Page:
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December 4, 2007, 10:32 PM CT

Common treatments for sinus infections may not work

Common treatments for sinus infections may not work
A comparison of common therapys for acute sinusitis that included an antibiotic and a topical steroid found neither more effective than placebo, as per a research studyin the December 5 issue of JAMA.

Acute sinusitis (sinus infection) is a common clinical problem with symptoms similar to other illnesses, and is often diagnosed and treated without clinical confirmation. Despite the clinical uncertainty as to a bacterial cause, antibiotic prescribing rates remain as high as 92 percent in the United Kingdom and 85 percent to 98 percent in the United States, as per background information in the article. Because there are no satisfactory studies of microbiological etiology from typical primary care patient practices, wide-scale overtreatment is likely occurring, the authors write. Concerns about wide-spread antibacterial use include increasing antibiotic resistance in the community. Anti-inflammatory drugs such as topical steroids are also used as a therapy and may be beneficial, but there has been limited research.

Ian G. Williamson, M.D., of the University of Southampton, England, and his colleagues conducted a double-blind randomized placebo-controlled trial to determine the effectiveness of the antibiotic amoxicillin and topical steroid budesonide in acute maxillary sinusitis (rhinosinusitis; inflammation of the nasal cavity and sinuses). The study included 240 adults with acute nonrecurrent sinusitis treated at 58 family practices between November 2001 and November 2005. Patients were randomized to 1 of 4 therapy groups: antibiotic and nasal steroid (500 mg of amoxicillin 3 times per day for 7 days and 200 g of budesonide in each nostril once per day for 10 days); placebo antibiotic and nasal steroid; antibiotic and placebo nasal steroid; placebo antibiotic and placebo nasal steroid.........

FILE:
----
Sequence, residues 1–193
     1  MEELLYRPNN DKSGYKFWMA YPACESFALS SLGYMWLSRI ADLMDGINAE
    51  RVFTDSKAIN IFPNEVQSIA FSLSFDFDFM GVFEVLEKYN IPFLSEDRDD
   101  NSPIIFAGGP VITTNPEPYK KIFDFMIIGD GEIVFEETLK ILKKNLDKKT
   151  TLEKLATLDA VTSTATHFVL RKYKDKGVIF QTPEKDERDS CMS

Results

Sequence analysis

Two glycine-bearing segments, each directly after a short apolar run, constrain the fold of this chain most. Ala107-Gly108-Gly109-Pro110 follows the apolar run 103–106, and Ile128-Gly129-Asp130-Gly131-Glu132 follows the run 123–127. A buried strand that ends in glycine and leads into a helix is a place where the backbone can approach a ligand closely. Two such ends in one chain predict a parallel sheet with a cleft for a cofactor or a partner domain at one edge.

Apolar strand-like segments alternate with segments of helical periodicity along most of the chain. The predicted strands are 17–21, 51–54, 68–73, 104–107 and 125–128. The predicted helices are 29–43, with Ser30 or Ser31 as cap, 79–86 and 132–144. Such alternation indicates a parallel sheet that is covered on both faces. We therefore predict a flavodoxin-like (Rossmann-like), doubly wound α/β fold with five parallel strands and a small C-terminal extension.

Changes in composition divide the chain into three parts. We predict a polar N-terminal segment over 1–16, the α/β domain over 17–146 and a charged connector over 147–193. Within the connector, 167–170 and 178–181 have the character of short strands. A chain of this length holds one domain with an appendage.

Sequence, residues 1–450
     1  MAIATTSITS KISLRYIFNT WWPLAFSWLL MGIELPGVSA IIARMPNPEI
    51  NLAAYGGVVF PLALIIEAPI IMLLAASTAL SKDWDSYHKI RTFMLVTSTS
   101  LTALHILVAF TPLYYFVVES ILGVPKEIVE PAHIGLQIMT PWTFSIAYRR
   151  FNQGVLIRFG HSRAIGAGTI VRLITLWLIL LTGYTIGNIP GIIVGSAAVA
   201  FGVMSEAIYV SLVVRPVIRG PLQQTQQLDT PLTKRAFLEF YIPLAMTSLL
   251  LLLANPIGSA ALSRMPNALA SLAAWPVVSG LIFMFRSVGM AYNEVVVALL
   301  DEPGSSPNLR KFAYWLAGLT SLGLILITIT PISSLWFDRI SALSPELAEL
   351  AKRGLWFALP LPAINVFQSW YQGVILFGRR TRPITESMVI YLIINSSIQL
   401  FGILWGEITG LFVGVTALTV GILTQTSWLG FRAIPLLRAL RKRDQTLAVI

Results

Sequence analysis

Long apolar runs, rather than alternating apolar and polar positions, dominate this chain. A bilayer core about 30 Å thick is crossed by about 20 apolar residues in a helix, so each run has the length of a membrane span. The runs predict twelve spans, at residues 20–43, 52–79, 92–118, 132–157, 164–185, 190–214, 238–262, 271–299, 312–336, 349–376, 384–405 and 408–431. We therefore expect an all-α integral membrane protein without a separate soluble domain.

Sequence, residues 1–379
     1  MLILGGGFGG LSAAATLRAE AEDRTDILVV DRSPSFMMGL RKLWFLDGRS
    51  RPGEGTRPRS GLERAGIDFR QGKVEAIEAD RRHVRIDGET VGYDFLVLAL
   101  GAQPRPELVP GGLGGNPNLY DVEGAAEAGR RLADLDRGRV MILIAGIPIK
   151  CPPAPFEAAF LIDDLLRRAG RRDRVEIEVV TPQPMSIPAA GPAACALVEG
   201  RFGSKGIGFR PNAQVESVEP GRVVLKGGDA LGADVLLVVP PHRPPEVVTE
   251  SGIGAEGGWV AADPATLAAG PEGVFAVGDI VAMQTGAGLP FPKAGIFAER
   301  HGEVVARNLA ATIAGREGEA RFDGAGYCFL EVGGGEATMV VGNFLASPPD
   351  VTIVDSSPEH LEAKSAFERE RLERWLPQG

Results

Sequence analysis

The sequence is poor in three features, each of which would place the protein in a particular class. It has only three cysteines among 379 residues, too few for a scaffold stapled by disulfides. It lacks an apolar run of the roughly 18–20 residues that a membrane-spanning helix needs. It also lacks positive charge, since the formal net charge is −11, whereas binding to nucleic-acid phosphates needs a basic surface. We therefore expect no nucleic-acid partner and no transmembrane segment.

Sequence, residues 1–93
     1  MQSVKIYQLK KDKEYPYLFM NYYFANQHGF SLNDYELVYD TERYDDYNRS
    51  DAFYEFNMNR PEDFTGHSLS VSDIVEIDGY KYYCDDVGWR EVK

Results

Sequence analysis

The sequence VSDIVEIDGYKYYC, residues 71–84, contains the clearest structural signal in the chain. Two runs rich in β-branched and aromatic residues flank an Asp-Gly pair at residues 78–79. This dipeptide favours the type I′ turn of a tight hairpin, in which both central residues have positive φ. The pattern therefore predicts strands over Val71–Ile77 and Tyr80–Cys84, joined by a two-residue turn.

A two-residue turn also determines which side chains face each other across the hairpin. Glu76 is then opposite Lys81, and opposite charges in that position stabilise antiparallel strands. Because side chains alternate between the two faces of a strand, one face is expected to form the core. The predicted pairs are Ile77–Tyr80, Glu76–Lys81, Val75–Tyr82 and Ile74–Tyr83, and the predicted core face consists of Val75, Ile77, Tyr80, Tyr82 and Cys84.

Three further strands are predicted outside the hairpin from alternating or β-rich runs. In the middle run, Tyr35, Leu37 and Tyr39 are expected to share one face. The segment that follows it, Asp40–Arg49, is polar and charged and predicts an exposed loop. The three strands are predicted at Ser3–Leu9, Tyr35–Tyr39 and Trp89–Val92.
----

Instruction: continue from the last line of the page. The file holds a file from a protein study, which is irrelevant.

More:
Posted by: Sue      Read more         Source


November 14, 2007, 8:42 PM CT

Genes influence age-related hearing loss

Genes influence age-related hearing loss
Waltham, MAA new Brandeis University study of twins shows that genes play a significant role in the level of hearing loss that often appears in late middle age. The research, in the Journal of Gerontology: Medical Sciences, examined genetic and environmental factors affecting hearing loss in the frequency range of speech recognition.

This research confirms the importance of genetic factors in age-associated hearing loss, and the need for vulnerable individuals and their families to take extra care to prevent further hearing damage, said lead author Brandeis neuroscientist Arthur Wingfield.

The research suggests that middle-aged and older people with a genetic vulnerability to hearing loss should be especially careful about environmental risk factors such as harmful noise and medications whose side-effects could be detrimental to hearing.

The study examined 179 identical and 150 fraternal male twin pairs, ranging in age from 52 to 60 years, as part of the Viet Nam Era Twin Study of Aging (VETSA). About two-thirds of the hearing loss in the individual subjects better ears could be accounted for by genetic factors. In the subjects poorer ears, about one-half of the hearing loss was due to genes, the study concluded.

Wingfield, an expert on the relationship between memory performance and hearing loss in elderly adults, said that even mild hearing loss can indirectly lead to declines in cognitive performance because intellectual energy normally reserved for higher-level comprehension must be directed toward perceptual effort for accurately hearing speech.........

Posted by: Sue      Read more         Source


October 31, 2007, 8:46 PM CT

Ears ringing?

Ears ringing?
Brain researchers at Johns Hopkins have discovered how cells in the developing ear make their own noise, long before the ear is able to detect sound around them. The finding, reported in this weeks Nature, helps to explain how the developing auditory system generates brain activity in the absence of sound. It also may explain why people sometimes experience tinnitus and hear sounds that seem to come from nowhere.

The research team made their discovery while studying the properties of non-nerve cells in the ears of young rats. These so-called support cells were believed to be silent bystanders not directly involved in nerve communication. However, to the scientists surprise, these cells showed robust electrical activity, similar to nerve cells. Further, this activity occurred spontaneously, without sound or any external stimulus.

Its long been thought that nerve cells that connect auditory organs to the brain need to experience sound or other nerve activity to find their way to the part of the brain responsible for processing sound, says the studys lead author, Dwight Bergles, Ph.D., an associate professor of neuroscience at Hopkins. So when we saw that these supporting cells could generate their own electrical activity, we suspected they might somehow be involved in triggering the activity mandatory for proper nerve wiring.........

Posted by: Daniel      Read more         Source


October 16, 2007, 7:21 PM CT

Ear infection superbug resistant to all pediatric antibiotics

Ear infection superbug resistant to all pediatric antibiotics